Sunday, May 28, 2006

Venice and Rome in May

I recently returned from an eight-day trip to Rome and Venice. It was a pleasant week, although surprisingly lacking in comic or disastrous events.

May is probably the best month for visiting Italy, with plenty of sunshine but without the searing heat of high summer. I experienced some weather extremes on this trip, though. My first day in Venice was memorable for the heavy rain which fell without pause from dawn until dusk. And my last two days in Rome were remarkable for a tarmac-melting, sunburn-inflicting heatwave.

Favourite hotel of the trip: the Hotel Campiello in Venice.
Best meal: a welcome plate of pasta at the Trattoria di Priscilla on the Via Appia Antica in Rome.
Worst meal: never buy the prepackaged sandwiches on the Eurostar train.
Most cliched moment: an evening appointment on the Accademia bridge over the Grand Canal.
Saddest Venetian sight: the German holidaymaker locked out of his room by his wife.
Conversational topic of the month (maybe year): the emerging Juventus football scandal.

Read on for more of my travel notes.

- Day One: Venice in the rain

Monday, May 08, 2006

A night out in Venice

We were two girls out on the town in Venice, and we'd been rather disappointed with the town's nightlife (or lack of it) up till now. So after a large meal, helped down by a generous pitcher of strong white wine, we followed our guidebook's directions to Campo Santa Margherita. This long open square is apparently the busiest and most buzzing area of Venice at night. Well, there were two bars open and a few people clustered outside, which was certainly the busiest place we'd seen so far.

The liveliest bar was the Caffè, which was crowded with what seemed to be a mixture of locals, tourists and students. We elected to drink at the bar and were enjoying our dirt-cheap beverages (a prosecco and a very good local-speciality spritz) when we had our first encounter of the evening. Three young men edged nearer and nearer, speculating audibly on our nationality, before asking if we were Finnish(?).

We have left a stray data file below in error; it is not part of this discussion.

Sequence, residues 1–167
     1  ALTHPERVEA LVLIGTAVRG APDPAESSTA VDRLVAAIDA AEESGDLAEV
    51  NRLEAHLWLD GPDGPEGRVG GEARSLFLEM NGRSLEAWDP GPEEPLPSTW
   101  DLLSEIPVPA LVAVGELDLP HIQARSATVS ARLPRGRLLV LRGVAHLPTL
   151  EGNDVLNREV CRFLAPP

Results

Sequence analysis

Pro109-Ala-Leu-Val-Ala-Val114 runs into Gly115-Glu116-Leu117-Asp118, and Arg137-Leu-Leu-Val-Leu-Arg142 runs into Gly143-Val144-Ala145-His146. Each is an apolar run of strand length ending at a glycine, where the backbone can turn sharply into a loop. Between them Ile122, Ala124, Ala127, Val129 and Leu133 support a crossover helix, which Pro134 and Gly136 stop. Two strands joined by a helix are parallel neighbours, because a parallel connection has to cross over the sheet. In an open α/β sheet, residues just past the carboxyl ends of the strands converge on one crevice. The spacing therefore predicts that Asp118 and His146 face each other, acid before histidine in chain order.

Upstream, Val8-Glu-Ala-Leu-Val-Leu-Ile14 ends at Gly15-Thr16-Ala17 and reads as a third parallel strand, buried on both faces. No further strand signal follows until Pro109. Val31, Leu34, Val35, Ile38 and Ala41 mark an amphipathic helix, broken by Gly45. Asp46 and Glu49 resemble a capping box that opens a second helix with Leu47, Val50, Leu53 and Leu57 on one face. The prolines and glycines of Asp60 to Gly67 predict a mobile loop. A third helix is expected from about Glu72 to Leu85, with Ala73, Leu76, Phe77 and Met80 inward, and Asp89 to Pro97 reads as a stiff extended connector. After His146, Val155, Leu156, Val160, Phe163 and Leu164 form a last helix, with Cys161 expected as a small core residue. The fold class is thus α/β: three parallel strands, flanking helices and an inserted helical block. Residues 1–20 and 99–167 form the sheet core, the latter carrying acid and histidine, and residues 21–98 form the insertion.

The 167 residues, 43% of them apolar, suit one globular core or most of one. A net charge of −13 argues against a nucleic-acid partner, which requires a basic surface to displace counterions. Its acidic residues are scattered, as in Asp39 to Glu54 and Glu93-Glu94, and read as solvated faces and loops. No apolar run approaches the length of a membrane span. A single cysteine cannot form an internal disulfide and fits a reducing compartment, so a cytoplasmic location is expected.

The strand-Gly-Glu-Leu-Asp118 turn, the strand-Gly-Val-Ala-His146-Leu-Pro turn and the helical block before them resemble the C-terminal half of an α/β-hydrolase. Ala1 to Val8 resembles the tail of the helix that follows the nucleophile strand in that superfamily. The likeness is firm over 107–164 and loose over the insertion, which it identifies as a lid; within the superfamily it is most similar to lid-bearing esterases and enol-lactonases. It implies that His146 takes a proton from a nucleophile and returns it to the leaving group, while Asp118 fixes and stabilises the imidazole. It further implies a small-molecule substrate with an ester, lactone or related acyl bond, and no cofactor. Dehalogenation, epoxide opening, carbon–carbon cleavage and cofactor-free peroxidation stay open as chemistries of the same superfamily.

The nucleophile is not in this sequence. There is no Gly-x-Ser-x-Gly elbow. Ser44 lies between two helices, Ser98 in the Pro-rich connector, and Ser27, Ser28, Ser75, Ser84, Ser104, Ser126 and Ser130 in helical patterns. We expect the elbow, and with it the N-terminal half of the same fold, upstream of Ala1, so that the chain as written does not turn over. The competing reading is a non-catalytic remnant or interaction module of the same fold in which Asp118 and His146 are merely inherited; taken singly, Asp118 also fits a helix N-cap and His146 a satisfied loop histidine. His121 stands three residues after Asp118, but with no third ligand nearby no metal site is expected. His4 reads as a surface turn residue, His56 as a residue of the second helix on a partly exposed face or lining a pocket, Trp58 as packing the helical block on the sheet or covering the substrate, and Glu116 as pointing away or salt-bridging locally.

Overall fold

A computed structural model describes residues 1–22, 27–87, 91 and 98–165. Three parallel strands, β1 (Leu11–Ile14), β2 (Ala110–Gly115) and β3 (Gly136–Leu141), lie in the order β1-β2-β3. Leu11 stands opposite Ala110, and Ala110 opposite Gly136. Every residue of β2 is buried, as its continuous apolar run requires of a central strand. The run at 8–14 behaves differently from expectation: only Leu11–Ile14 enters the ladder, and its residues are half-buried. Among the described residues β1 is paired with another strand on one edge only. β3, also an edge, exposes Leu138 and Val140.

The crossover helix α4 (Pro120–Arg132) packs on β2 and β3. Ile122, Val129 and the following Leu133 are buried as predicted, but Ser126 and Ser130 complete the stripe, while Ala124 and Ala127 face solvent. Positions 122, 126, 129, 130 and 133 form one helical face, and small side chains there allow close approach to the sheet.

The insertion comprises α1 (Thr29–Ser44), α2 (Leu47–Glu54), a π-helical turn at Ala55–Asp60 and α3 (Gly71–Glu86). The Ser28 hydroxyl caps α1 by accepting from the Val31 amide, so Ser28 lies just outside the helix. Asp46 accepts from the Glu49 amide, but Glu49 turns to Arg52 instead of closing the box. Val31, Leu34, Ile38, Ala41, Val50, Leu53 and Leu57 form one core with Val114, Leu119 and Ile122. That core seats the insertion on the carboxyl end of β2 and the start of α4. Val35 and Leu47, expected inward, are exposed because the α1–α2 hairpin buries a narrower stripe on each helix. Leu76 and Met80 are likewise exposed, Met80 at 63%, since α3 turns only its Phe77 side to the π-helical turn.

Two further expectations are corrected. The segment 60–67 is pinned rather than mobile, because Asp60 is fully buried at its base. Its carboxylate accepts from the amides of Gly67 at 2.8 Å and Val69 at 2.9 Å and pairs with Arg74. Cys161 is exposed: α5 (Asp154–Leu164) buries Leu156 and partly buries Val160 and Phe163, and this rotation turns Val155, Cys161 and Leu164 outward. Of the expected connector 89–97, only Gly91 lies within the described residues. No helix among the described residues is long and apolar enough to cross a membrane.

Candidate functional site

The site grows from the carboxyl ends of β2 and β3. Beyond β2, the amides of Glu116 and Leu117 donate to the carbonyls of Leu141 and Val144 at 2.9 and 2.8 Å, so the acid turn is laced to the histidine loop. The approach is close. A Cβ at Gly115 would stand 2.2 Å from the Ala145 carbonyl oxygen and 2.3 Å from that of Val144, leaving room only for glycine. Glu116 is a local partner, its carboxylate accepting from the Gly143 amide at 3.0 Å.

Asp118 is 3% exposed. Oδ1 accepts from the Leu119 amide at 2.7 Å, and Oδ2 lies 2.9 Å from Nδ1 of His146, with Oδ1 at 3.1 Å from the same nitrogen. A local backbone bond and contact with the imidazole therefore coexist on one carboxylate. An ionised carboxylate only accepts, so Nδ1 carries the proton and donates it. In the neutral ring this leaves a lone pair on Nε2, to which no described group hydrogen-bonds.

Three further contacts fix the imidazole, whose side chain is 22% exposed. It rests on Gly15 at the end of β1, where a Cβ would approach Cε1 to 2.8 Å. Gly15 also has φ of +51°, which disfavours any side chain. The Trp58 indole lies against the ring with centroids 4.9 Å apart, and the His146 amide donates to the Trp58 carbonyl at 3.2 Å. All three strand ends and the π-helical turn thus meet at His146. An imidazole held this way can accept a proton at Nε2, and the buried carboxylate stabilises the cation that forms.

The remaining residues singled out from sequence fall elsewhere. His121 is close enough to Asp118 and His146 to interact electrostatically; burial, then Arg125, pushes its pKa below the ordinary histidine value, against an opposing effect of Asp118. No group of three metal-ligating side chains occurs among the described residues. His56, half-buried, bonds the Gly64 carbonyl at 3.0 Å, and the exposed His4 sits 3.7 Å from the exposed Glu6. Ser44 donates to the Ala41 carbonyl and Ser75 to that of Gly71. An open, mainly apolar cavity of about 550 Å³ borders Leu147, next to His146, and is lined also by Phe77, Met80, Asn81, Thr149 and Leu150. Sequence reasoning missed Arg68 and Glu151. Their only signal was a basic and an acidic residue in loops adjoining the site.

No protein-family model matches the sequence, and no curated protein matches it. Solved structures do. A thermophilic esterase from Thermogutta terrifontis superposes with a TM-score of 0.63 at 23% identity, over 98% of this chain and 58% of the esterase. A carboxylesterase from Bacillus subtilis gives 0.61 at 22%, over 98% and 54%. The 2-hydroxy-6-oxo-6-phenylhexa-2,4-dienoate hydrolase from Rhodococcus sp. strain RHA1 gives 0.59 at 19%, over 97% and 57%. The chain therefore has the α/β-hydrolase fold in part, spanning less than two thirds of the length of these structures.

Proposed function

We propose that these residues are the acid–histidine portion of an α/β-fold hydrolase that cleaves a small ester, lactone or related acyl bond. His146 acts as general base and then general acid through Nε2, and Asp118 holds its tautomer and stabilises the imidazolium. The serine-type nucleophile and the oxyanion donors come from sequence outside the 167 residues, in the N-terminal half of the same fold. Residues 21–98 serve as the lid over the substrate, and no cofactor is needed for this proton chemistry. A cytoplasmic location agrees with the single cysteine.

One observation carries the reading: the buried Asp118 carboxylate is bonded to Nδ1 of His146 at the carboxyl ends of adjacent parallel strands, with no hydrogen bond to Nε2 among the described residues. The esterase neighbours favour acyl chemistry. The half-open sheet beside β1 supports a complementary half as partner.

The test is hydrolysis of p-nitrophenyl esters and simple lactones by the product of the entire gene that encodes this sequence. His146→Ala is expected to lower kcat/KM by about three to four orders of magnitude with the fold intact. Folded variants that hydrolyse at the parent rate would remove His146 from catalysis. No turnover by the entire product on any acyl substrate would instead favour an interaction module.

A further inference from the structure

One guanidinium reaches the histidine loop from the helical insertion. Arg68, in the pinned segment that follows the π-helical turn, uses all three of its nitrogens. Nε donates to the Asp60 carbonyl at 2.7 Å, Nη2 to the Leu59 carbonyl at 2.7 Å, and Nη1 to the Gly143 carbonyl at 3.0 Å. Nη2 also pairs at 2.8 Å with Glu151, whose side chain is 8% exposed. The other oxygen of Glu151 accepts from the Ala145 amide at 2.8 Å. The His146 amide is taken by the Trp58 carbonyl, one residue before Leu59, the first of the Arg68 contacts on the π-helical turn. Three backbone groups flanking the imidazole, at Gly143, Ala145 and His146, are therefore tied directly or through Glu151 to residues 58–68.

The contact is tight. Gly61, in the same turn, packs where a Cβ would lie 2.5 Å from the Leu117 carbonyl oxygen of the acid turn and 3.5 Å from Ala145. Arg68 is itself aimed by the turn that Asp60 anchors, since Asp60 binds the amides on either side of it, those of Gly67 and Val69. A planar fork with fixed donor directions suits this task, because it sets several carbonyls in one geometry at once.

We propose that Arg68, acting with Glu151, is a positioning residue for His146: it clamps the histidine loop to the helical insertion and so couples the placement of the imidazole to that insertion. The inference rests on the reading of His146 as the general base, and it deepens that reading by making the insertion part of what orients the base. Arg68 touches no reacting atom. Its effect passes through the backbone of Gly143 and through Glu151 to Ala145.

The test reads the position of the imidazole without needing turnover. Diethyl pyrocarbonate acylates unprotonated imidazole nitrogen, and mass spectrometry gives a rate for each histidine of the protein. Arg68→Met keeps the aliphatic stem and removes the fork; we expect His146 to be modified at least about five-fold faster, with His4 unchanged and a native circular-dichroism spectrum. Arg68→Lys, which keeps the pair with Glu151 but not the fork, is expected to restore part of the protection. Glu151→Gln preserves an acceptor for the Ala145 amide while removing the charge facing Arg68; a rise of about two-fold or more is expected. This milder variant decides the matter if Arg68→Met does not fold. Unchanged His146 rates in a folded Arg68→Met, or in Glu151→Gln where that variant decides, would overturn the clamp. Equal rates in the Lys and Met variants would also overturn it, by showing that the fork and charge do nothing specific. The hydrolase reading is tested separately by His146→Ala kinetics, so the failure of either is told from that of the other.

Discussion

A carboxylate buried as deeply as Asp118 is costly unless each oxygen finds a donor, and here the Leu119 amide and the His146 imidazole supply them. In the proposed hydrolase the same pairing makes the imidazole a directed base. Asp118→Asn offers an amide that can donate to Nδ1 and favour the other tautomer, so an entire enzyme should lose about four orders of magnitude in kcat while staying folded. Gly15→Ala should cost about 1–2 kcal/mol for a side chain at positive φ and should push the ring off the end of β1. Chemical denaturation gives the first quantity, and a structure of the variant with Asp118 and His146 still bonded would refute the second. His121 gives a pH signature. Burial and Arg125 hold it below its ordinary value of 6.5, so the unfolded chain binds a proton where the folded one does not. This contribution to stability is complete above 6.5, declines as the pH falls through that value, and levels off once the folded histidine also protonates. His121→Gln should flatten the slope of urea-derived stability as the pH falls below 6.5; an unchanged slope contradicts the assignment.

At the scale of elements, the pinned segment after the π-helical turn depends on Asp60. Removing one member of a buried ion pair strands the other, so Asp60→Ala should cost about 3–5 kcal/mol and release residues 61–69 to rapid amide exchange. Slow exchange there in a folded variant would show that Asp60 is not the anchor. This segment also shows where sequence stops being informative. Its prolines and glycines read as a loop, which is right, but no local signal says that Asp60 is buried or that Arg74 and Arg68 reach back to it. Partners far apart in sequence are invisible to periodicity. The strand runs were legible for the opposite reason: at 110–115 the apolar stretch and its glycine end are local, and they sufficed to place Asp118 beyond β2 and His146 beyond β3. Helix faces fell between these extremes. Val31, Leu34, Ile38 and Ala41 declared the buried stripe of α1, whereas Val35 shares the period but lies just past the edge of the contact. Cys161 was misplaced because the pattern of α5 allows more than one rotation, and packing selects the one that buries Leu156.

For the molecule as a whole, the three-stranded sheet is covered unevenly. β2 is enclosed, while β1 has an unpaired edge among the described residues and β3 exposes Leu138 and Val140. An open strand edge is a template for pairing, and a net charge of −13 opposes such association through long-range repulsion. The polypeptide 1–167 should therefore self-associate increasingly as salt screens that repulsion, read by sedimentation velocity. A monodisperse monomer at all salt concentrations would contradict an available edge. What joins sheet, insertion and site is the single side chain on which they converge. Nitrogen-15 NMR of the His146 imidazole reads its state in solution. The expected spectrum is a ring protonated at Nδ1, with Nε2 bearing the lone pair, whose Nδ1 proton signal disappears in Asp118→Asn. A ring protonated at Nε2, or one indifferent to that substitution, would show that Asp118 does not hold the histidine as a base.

One of our new acquaintances was a cheery American ("a firefighter from Chicago"), travelling around Europe. One of his friends was a faintly creepy Italian who looked rather like a predatory bespectacled mole, and was introduced to us as "the man behind the man behind the man". The third of this odd grouping was a bouncy young Italian from the mainland wearing a pale pink sweater and a wide snakeskin belt which kept drawing our fascinated eyes inexorably but inappropriately towards his groin area. We politely refused more drinks, and chatted in a casual fashion although frequently at cross-purposes, thanks to the language barrier (the conversation was in English to suit J and the American boy, and I didn't feel the need to explain that I spoke Italian). J laughed across at me, and Snakeskin Belt demanded 'What are you laughing at?'. She couldn't very well say 'at you' so she simply said 'Oh, we like laughing.' Snakeskin Belt pointed at me and said 'But she's not laughing'. J told him 'she's laughing inside', whereupon he leaned towards me and said into my ear, in heavily-accented English 'I want to laugh inside you'. Our mirth overcame the outrage I was trying to convey: J and I laughed and left.

We crossed the campo to the other bar and sat ourselves down at an outside table to enjoy a more staid atmosphere. The rest of our night probably merits another blog entry, but for now suffice it to say we enjoyed more drinks (for which we duly suffered the next morning), had some politer conversation, and nearly witnessed a mysterious fight. Then it was time for the night-boat home.